To learn more about the Kubernetes project visit kubernetes.io or chat with us on Slack at slack.kubernetes.io.

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-Brendan Burns and David Oppenheimer, Software Engineers, Google




Thursday, June 9, 2016

The Illustrated Children's Guide to Kubernetes

Kubernetes is an open source project with a growing community. We love seeing the ways that our community innovates inside and on top of Kubernetes. Deis is an excellent example of company who understands the strategic impact of strong container orchestration. They contribute directly to the project; in associated subprojects; and, delightfully, with a creative endeavor to help our user community understand more about what Kubernetes is. Want to contribute to Kubernetes? One way is to get involved here and help us with code. But, please don’t consider that the only way to contribute. This little adventure that Deis takes us is an example of how open source isn’t only code. 

Have your own Kubernetes story you’d like to tell, let us know!
-- @sarahnovotny Community Wonk, Kubernetes project.

Guest post is by Beau Vrolyk, CEO of Deis, the open source Kubernetes-native PaaS.

Over at Deis, we’ve been busy building open source tools for Kubernetes. We’re just about to finish up moving our easy-to-use application platform to Kubernetes and couldn’t be happier with the results. In the Kubernetes project we’ve found not only a growing and vibrant community but also a well-architected system, informed by years of experience running containers at scale.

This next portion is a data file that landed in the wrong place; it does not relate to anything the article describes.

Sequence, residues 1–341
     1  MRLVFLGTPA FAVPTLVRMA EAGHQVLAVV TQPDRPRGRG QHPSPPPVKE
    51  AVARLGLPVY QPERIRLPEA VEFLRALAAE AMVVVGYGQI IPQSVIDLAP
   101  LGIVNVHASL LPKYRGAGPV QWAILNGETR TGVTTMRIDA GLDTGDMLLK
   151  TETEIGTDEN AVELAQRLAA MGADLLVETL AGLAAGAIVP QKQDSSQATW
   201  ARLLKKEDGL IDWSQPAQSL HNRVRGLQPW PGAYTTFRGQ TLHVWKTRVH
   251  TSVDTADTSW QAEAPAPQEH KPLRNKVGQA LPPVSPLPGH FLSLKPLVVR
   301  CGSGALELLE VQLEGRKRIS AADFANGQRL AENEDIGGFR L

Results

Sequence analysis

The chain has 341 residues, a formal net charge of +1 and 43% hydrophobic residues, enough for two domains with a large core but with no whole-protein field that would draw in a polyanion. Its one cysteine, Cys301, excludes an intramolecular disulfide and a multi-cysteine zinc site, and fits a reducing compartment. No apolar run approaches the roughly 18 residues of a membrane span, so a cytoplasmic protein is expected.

But that’s not all! As we’ve decomposed, ported, and reborn our PaaS as a Kubernetes citizen; we found a need for tools to help manage all of the ephemera that comes along with building and running Kubernetes-native applications. The result has been open sourced as Helm and we’re excited to see increasing adoption and growing excitement around the project.

There’s fun in the Deis offices too -- we like to add some character to our  architecture diagrams and pull requests. This time, literally. Meet Phippy--the intrepid little PHP app--and her journey to Kubernetes. What better way to talk to your parents, friends, and co-workers about this Kubernetes thing you keep going on about, than a little story time. We give to you The Illustrated Children's Guide to Kubernetes, conceived of and narrated by our own Matt Butcher and lovingly illustrated by Bailey Beougher. Join the fun on YouTube and tweet @opendeis to win your own copy of the book or a squishy little Phippy of your own.






Monday, June 6, 2016

Bringing End-to-End Kubernetes Testing to Azure (Part 1)

Today’s guest post is by Travis Newhouse, Chief Architect at AppFormix, writing about their experiences bringing Kubernetes to Azure. 

At AppFormix, continuous integration testing is part of our culture. We see many benefits to running end-to-end tests regularly, including minimizing regressions and ensuring our software works together as a whole. To ensure a high quality experience for our customers, we require the ability to run end-to-end testing not just for our application, but for the entire orchestration stack. Our customers are adopting Kubernetes as their container orchestration technology of choice, and they demand choice when it comes to where their containers execute, from private infrastructure to public providers, including Azure. After several weeks of work, we are pleased to announce we are contributing a nightly, continuous integration job that executes e2e tests on the Azure platform. After running the e2e tests each night for only a few weeks, we have already found and fixed two issues in Kubernetes. We hope our contribution of an e2e job will help the community maintain support for the Azure platform as Kubernetes evolves.